Front page of Issue 16

The winter 2015 print edition is in stores now. Special report on the persistence of segregation in local public schools. Plus: 24-page insert commemorating the now shuttered weekly San Francisco Bay Guardian, produced by the newspaper’s former staff.

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UC faculty say proposed cuts unfair, show favoritism

Christi Morales, The Public Press — Aug 2 2009 - 11:07am

Now that California has finally passed a budget, public higher education officials are moving forward with the difficult task of implementing cuts that will greatly impact students and educators.

And as University of California officials discuss additional reductions, some faculty members at the UC Berkeley campus say cuts are being distributed unfairly. Certain sciences reportedly are seeing less than a quarter percent cut while the school’s physical education program funding is being cut in half.

Post-budget, supervisor wins medal, proving domestic mettle

Patricia Decker, The Public Press — Jul 30 2009 - 4:58pm

Life in City Hall — excruciatingly bitter for months — just got a little bit sweeter.

Weeks of debate and political wrangling to pass the $6.7 billion budget, one that brought the worst deficit the city has seen since the Great Depression, left relationships between two of the supervisors strained.

To release some of the tension built up by the budget process, their respective offices agreed to settle things the gentlemanly way -- with a bake-off.

New tenant OK’d for San Francisco Tea Garden

Patricia Decker, The Public Press — Jul 29 2009 - 12:27pm

A new tenant for the Japanese Tea Garden concessions could move in as early as September – thanks to the support of the full board at Tuesday’s San Francisco Board of Supervisors meeting.

Carol Murata, owner and operator of Murata’s Cafe Hana, was unanimously recommended July 22 by the parks commission to become the new occupant.

News Notes: Town hall scheduled tonight to discuss Richmond district bus, pedestrian improvements

Patricia Decker, The Public Press — Jul 27 2009 - 1:31pm

Residents, merchants and those anxious over the transformation of one of San Francisco’s most traveled corridors will have a chance to voice their concerns at tonight’s discussion of the Geary Bus Rapid Transit system.

Co-hosted by Supervisor Eric Mar and the San Francisco County Transportation Authority, the meeting will take place from 7 to 9 p.m. at the Richmond Recreation Center, 251 18th Ave. The forum also will address pedestrian and street improvements included in the project.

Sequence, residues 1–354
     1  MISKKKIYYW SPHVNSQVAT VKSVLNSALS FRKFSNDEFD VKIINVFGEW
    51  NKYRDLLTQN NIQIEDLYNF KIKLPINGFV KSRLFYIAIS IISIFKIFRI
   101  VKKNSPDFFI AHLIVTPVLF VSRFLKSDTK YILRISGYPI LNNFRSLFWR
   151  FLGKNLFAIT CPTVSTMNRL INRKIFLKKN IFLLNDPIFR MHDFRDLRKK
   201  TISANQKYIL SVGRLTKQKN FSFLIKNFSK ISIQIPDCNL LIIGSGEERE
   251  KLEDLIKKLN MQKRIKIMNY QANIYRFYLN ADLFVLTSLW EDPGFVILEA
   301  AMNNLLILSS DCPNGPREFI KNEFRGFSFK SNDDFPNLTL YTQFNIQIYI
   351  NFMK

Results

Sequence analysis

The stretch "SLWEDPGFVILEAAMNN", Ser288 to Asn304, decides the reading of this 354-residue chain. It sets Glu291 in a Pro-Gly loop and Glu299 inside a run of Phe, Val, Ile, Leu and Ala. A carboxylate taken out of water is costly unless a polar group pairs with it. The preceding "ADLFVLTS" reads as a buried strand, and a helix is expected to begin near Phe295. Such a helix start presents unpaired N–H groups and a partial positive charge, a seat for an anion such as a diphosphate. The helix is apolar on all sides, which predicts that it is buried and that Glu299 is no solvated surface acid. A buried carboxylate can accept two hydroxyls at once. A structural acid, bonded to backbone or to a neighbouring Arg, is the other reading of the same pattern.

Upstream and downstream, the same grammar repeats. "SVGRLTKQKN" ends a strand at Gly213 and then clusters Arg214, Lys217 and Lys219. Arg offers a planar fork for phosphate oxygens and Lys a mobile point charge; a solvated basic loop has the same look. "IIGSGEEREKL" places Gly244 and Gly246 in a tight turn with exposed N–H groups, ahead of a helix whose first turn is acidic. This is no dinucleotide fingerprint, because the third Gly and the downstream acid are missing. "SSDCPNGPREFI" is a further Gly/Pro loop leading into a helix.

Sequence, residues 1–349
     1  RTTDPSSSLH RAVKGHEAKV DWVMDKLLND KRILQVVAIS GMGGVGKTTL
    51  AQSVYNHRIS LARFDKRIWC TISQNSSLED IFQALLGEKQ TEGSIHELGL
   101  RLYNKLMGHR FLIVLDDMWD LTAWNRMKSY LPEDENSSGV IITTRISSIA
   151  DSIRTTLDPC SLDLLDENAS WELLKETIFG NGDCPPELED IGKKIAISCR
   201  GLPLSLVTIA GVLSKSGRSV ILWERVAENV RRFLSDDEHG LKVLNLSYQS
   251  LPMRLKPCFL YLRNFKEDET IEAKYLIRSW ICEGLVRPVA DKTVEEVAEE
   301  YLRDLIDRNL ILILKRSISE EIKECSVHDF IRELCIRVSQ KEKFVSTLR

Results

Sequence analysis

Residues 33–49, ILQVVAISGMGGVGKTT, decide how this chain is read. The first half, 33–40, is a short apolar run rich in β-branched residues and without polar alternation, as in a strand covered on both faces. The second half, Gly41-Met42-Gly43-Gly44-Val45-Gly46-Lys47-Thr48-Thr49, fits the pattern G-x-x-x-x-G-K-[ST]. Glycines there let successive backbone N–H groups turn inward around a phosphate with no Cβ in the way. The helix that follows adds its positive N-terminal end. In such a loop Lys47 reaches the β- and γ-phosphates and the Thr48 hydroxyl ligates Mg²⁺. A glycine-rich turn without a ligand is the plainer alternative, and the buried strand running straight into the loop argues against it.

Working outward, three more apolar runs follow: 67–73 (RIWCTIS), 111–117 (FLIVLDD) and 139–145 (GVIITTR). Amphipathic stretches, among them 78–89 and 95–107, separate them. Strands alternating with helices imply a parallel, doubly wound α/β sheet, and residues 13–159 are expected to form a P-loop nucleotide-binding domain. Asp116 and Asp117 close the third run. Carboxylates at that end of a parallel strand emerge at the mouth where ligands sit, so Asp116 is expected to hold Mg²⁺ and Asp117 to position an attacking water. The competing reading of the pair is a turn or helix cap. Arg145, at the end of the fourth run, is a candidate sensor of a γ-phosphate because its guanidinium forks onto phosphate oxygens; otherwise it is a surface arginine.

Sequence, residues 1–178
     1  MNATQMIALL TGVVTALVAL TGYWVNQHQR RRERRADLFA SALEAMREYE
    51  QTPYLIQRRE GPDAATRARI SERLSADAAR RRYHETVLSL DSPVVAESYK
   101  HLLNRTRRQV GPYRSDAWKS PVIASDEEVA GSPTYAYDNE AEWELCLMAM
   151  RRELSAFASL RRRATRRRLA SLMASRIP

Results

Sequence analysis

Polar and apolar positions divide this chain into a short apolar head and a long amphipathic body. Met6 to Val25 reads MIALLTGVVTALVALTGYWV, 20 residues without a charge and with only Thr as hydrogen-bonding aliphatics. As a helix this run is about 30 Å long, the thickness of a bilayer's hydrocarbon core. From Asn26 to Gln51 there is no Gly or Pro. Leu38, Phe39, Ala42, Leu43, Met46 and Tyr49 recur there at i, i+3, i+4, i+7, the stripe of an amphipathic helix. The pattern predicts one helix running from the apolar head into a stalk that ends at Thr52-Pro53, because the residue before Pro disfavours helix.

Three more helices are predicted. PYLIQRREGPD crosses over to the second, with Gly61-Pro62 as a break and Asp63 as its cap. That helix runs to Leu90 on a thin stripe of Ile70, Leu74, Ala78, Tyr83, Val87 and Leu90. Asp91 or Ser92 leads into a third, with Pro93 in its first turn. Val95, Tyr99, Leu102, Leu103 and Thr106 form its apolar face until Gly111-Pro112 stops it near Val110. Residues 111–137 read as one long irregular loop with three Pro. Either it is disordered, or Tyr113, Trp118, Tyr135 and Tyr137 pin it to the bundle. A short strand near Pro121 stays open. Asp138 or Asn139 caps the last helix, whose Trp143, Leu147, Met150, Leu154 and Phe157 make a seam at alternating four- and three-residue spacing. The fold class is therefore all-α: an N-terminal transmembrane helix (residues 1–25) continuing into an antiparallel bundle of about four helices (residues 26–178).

Local agencies prepare for next 'big one'

Jul 27 2009 - 1:07pm

By Jessica Wertheim
The Public Press

According to the U.S. Geological Survey, "there is a 70 percent probability that one or more damaging earthquakes of magnitude 6.7 or larger will strike the San Francisco Bay area during the next 30 years."

And San Francisco is taking no chances. The city's newest project, headed by the San Francisco Public Utilities Commission, is the construction of a five-mile long tunnel located under the San Francisco Bay. 

Town Hall scheduled tonight to discuss Richmond district bus, pedestrian improvements

Jul 27 2009 - 12:37pm

By Patricia Decker
The Public Press

Residents, merchants and those anxious over the transformation of one of San Francisco’s most traveled corridors will have a chance to voice their concerns at tonight’s discussion of the Geary Bus Rapid Transit system.

Injury rates increasing on SF trains

Jul 23 2009 - 10:07pm

By Samantha McGirr
The Public Press

The passenger-injury rate on light-rail trains in San Francisco has steadily increased since 2003, according to data provided by the Federal Transit Administration.

In 2003, accidents involving SF Municipal Railway trains injured 21 people, a number that grew to 70 passengers by 2008. A weekend crash that injured 48 people brings the 2009 total to 68 passengers.

Controversial documentary roils SF Jewish Film Festival

Patricia Decker, The Public Press — Jul 23 2009 - 6:23pm

A film about the death of American activist Rachel Corrie is causing a stir at the San Francisco Jewish Film Festival, which began Thursday.

The San Francisco Jewish Film Festival opened its 29th season Thursday night amid controversy surrounding one of its 71 films, which has the Jewish community up in arms.

Simone Bitton’s film “Rachel” is a documentary about the controversial death of 23-year-old American peace activist Rachel Corrie in 2003. Corrie was volunteering with the International Solidarity Movement in the West Bank when an Israeli army bulldozer crushed her during the demolition of Palestinian homes.

What kindled the criticism from the Jewish community was the invitation of Corrie’s mother, Cindy Corrie, to speak after the Saturday afternoon screening at the Castro Theatre.

Governor calls for releasing inmates to cut deficit

Jul 23 2009 - 12:03pm

By Samantha McGirr
The Public Press

Gov. Arnold Schwarzenegger has proposed a controversial method for alleviating California’s soaring deficits: reducing the population of state prisons by 27,000, CBS 5 reported Wednesday.

 

Study to examine HIV infection among gay black men

Bethany Fleishman, The Public Press — Jul 23 2009 - 11:33am